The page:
By Angela Feng
Hidden along M.L.K Jr Blvd in Chapel Hill is Lucha Tigre, a bold and innovative Latin and Asian fusion restaurant.
Owner Khoa Dinh lived in Vietnam until he was seven, when his family escaped the political turmoil of the country. He came to North Carolina in 1995 and has been in the restaurant business since he was 17. Over the years, he’s worked his way up in the industry, with Lucha Tigre his first restaurant of his own.
The idea for a Latin and Asian fusion restaurant arose over dinner conversation between Dinh and his friend Lily Contreras. Contreras was born in Mexico City, and the two bonded over the similar flavors and ingredients found in Mexican and Vietnamese dishes.
“We figured, ‘why not open a restaurant that reflects both of our cultures?’” Dinh said. “Asian-Latin fusion cuisine already existed all over the world, but it was still new to North Carolina.”
Lucha Tigre began as a partnership between Dinh, Contreras and two other friends from the restaurant industry. However, the other partners had to leave for various reasons, and Dinh eventually became the sole owner.
Dinh originally decided on Chapel Hill for the residents’ openness to new ideas, as well as the town’s amazing local support system. Through the difficulties related to COVID-19, he is especially grateful for the community. The pandemic was a hard time for Lucha Tigre, and without the local support, the restaurant would not have made it through.
Lucha Tigre was one of the most recent restaurants to open back up, as the comfort and safety of the staff was Dinh’s biggest concern. They decided to wait until the vaccine came out and the staff was fully vaccinated before reopening their doors.
All of Lucha Tigre’s menu items are well thought out, with careful attention to the dishes’ history and ingredients. Dinh doesn’t believe in combining random dishes just for the sake of calling it “fusion” food. He uses pollo saltado, a traditional Peruvian dish, as an example of what he believes fusion cuisine should be. The recipe was originally brought by Chinese immigrants to Peru, where it was adapted to Peurvian culture by adding potatoes.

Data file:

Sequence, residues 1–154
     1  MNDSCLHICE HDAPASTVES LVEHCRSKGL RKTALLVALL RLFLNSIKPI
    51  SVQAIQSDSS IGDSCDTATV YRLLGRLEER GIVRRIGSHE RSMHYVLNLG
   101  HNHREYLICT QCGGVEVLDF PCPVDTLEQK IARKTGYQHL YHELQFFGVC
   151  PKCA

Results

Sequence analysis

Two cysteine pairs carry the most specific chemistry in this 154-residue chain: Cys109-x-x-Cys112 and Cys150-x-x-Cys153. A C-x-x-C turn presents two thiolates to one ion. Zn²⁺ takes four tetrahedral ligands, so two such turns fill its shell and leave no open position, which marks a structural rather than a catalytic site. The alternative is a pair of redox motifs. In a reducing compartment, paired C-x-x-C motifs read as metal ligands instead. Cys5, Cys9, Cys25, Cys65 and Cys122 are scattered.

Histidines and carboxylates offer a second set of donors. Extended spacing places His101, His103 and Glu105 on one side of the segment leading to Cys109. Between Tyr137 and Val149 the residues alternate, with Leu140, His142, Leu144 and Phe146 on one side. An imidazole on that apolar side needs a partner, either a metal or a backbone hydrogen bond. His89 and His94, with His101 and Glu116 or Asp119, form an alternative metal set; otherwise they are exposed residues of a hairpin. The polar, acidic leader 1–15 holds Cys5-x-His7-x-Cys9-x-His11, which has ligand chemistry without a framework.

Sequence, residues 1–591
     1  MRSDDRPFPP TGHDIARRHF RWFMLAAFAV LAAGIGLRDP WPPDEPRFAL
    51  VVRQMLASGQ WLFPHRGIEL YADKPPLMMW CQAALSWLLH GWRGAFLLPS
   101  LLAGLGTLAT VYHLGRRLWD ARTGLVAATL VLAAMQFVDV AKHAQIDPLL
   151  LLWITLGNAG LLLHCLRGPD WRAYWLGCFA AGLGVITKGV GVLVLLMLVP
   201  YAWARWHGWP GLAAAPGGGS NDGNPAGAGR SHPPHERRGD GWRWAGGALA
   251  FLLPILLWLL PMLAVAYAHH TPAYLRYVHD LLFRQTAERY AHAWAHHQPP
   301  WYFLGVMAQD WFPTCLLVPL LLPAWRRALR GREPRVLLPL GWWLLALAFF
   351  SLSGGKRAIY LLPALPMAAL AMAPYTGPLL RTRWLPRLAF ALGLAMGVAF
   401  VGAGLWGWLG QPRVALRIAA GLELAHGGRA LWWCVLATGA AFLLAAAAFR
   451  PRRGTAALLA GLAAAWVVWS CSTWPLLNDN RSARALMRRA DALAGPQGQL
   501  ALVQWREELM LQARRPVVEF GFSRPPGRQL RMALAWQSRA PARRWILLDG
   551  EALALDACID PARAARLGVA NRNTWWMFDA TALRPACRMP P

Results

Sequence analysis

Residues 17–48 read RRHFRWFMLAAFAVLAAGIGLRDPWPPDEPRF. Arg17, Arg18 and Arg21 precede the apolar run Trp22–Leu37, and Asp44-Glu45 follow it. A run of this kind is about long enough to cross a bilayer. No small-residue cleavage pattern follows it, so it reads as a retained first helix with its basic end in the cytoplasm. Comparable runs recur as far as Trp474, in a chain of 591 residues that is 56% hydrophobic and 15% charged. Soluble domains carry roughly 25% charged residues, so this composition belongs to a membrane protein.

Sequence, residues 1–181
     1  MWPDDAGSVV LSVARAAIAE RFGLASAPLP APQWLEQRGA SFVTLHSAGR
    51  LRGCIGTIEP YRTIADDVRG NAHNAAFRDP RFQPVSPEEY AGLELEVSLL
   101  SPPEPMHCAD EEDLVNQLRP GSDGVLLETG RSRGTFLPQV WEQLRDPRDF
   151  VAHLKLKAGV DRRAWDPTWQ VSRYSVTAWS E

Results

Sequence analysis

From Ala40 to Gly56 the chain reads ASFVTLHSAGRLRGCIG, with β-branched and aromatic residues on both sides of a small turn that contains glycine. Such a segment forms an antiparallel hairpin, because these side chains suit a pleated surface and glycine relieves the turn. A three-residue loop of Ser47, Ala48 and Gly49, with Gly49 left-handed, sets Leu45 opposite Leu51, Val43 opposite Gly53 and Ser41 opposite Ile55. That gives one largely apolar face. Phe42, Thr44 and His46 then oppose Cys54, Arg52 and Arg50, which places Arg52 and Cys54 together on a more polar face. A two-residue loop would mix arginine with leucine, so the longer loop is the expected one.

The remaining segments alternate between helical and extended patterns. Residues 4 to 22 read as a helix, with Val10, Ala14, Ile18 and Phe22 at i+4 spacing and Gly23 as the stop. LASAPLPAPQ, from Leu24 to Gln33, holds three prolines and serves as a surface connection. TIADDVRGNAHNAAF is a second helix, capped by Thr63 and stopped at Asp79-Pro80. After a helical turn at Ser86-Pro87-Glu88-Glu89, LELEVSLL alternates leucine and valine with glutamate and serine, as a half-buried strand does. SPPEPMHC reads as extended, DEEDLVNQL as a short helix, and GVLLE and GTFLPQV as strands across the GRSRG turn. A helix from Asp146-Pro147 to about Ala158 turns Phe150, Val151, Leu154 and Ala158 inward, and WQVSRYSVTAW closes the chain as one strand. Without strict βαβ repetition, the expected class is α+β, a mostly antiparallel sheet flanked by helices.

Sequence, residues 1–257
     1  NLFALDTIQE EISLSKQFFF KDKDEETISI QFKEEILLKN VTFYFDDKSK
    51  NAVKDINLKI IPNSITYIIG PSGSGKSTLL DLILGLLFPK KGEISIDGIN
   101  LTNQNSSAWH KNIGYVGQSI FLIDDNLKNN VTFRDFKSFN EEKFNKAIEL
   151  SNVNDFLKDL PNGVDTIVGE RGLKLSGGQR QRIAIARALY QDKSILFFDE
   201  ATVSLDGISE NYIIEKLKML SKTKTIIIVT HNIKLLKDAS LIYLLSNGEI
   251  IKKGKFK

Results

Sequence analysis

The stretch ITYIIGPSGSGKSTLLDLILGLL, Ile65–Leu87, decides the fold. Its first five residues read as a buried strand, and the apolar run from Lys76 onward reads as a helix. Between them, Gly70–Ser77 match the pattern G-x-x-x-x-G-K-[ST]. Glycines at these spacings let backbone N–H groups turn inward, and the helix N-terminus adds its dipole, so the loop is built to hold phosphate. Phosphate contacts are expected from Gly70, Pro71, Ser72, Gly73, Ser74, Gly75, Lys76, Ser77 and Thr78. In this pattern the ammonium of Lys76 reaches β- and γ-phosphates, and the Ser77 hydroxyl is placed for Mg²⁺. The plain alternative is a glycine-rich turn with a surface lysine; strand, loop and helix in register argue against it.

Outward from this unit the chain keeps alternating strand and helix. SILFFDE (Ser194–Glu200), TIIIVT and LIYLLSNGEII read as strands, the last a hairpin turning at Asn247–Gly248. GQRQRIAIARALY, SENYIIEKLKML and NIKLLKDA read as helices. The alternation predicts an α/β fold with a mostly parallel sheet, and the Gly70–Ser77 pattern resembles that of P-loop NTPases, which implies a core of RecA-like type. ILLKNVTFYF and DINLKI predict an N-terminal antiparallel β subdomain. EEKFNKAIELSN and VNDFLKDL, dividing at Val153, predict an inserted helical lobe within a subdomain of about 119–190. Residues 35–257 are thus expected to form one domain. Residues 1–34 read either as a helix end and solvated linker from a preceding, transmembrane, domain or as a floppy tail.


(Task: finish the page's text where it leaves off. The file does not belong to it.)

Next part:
Aside from pollo saltado, some of Lucha Tigre’s most popular dishes include the General Tso’s Chicken and Tofu Bowls.
“These are big favorites among students and families,” Dinh said. “A lot of our customers are trying tofu for the first time, and they’re surprised by how good it can be.”
Dinh’s personal favorite item is the ceviche – a Peruvian seafood dish made from shrimp marinated in lime juice. Due to how fresh the shrimp needs to be, it’s made early in the day in small portions. It usually sells out quickly, so if you’re thinking of trying it, Dinh recommends getting there early.
Whether you’re looking for a new spot for date night, a place to catch up with friends, or a nice restaurant to take your parents to, Lucha Tigre is the perfect location. It’s open for brunch from 11:30 a.m. to 2:30 a.m. Mondays through Fridays, and noon to 4:00 p.m. on weekends. For dinner, it’s open from 5:00 p.m. to midnight daily.